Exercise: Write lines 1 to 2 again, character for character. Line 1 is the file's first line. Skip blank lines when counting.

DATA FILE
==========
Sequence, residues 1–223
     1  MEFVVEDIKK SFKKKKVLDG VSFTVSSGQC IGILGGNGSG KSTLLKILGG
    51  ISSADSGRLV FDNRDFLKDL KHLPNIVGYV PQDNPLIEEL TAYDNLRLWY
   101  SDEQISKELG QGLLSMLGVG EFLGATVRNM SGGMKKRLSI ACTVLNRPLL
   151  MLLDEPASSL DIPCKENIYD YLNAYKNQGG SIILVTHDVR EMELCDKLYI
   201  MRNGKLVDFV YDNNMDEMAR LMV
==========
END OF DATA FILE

Sequence, residues 1–223
     1  MEFVVEDIKK SFKKKKVLDG VSFTVSSGQC IGILGGNGSG KSTLLKILGG